Opal Meaning and Properties

Opal History

The name "opal" comes from the Sanskrit word upala, meaning precious stone. In Indian mythology, the virgin Goddess of the Rainbow was turned into an opal by the Mother Goddess because she was being chased by suitors Brahma, Vishnu and Shiva. Ancient Greeks thought the stone could give people the gift of prophecy and protected them from disease. During Roman times, the Latin word opalus came into use.

Opal is now associated with the birthstone of October (along with pink tourmaline) and as the gemstone of the 14th marriage anniversary. While some people believe it is unlucky for people not born in October to wear opal, the gemstone has actually long been valued as a stone of luck and magic. Opal is also an alternative birthstone for April babies.


Learn about the magic and mystique of opals with our host, Susanne. She's inviting Patti to share how to make a celestial-themed opal necklace that anyone can create in minutes.

Opal Metaphysical Properties

It is said that precious opal, with its display of fire, can spark creativity, and that the "dance" of its fire can help people enjoy their lives. The light-colored gemstones have long been associated with helping people become less visible to others and also in improving eyesight. The gemstone has been associated with the sacral chakra, imbalances of which can cause problems with addictions. Some people believe that opal can help moderate and harmonize sexual desires. European cultures have long believed opal is a symbol of hope, purity and truth.

Opal Geological Properties

Opals come in three natural varieties: opalescent precious opal, fire opal (yellow to red-orange) and the generally opaque common opal. A French manufacturer, Gilson, created the first "opalescent" imitation opal in 1973 though synthetic opals have been created since the '30s. Natural opals are non-crystalline, hydrated silicon dioxide gemstones that contain up to 30% water. It's possible for opals to dry out and crack, and they are relatively soft, fragile gemstones.

Precious opals display a unique opalescence. Depending on the angle of view, rainbow-like flashes of different colors appear, caused by light reflecting off of extremely small spheres of cristobalite within the silica gel. The phenomenon is called interference. The flashing of color is often referred to as "fire" or "play of light." Precious opals appear in a range of white to black (usually dark gray, green or blue backgrounds).

Fire opal is named for its color and does not display opalescence. It can range in color from yellow to red. It is usually milky, but the best examples can be transparent.

Opals are found in the veins and cavities of igneous or sedimentary rock. The best quality opals are found in Australia, but the gemstone is also found in Brazil, Mexico, Czech Republic, Slovakia, southern Africa and Nevada of the United States.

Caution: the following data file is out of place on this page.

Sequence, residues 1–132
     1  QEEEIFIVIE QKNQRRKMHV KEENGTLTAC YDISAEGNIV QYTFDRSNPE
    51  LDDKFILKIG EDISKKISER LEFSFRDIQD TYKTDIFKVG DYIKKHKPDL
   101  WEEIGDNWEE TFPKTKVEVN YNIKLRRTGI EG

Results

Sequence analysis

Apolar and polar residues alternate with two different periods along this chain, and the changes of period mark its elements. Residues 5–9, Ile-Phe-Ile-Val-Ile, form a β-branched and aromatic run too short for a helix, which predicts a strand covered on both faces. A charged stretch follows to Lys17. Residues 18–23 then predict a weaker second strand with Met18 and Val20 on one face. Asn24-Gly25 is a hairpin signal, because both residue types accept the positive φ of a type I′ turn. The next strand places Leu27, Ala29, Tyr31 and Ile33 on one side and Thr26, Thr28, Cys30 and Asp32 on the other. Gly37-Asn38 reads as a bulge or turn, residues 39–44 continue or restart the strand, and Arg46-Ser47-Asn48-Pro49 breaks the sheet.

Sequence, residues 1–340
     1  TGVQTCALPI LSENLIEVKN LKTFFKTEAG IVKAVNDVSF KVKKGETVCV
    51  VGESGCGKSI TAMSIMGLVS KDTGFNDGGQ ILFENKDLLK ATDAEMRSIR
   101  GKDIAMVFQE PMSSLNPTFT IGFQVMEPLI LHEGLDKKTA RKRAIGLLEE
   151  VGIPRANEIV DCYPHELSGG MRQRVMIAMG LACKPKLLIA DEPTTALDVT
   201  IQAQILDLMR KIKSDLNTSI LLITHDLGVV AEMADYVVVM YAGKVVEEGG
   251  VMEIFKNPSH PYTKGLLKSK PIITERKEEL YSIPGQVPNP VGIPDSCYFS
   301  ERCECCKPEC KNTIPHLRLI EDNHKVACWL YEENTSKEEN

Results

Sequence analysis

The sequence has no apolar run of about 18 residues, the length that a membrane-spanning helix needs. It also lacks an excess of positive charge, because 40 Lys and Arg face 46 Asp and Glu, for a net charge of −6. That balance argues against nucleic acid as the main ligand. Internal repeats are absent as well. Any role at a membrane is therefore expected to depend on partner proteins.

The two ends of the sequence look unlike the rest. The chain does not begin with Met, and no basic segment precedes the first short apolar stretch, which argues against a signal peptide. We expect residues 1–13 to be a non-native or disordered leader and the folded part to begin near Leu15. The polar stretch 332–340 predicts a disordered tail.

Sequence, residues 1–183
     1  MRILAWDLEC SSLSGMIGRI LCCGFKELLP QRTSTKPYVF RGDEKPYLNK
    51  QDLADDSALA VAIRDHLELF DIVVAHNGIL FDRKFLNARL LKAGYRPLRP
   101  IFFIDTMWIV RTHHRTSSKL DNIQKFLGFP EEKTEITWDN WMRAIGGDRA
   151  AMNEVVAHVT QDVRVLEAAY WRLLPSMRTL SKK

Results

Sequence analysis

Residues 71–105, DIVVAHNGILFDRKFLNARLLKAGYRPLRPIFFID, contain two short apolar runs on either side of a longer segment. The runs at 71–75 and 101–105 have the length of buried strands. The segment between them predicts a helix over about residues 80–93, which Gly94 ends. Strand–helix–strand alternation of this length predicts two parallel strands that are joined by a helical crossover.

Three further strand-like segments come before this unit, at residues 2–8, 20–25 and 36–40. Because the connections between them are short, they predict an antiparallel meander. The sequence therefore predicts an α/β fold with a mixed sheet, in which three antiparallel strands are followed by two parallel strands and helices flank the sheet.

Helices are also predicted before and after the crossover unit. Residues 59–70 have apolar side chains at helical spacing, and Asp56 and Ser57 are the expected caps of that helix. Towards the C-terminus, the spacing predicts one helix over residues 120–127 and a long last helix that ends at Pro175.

Mineral Information hardened silica gel with water content
Chemical Composition SiO2-nH2O2
Color transparent to opaque, all colors
Hardness 5-1/2 to 6-1/2 (Mohs)
Specific Gravity 1.98 - 2.20
Refractive Index 1.450

Proper Care of Opal

Opal is a fairly soft stone and can be damaged by steam or ultrasonic cleaning machines and harsh chemicals. The best way to clean opal is with a soft, untreated cloth and mild soapy water. It is recommended to not submerge the gemstone in soapy water. While solid opals won't be damaged by submersion, doublet or triplet opals (non-solid, man-made opal stones) can be. Gently pat dry and be sure jewelry is completely dry before storing or wearing. Store opal jewelry away from other pieces of jewelry as metals and harder gemstones can cause damage to the softer stone.

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Designing with Opal

Precious and Gilson imitation opals display a unique visual phenomenon--they flash rainbow-like colors. Depending on the background color and the predominant "fire" display color, opals can be "framed" by either silver or gold. The natural iridescent luster of pearls complements the fire of opals. White opals work well with light, pastel-colored gemstones. Dark opals can be beautifully mixed with darker stones that match the opal's background color or that pick up the flashing colors. Natural opal gemstone is soft and works better in earrings or pendants than when used in bracelets or rings that could experience impact and scratches.

Fire opals are yellow to orange-red and do not display fire. For a startling complementary color scheme, mix the orange-red fire opal with a greenish-tinted turquoise or Crystal Passions®. Or, try combining fire opal with gemstones that are close in hue: citrine, carnelian and red aventurine. A beautiful harmony is created by a split-complementary scheme: fire opal with blue and green aventurine.

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